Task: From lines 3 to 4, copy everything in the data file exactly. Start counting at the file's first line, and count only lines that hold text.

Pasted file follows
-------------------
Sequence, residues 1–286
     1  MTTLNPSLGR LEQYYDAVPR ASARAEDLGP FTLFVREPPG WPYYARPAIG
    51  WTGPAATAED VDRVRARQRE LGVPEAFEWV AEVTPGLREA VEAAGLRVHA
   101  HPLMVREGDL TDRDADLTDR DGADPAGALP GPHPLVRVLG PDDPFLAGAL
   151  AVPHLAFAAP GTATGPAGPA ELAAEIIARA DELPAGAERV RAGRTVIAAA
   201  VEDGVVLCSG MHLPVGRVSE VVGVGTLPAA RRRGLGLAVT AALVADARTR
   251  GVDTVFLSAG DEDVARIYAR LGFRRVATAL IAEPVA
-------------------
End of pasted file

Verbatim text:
    51  WTGPAATAED VDRVRARQRE LGVPEAFEWV AEVTPGLREA VEAAGLRVHA
   101  HPLMVREGDL TDRDADLTDR DGADPAGALP GPHPLVRVLG PDDPFLAGAL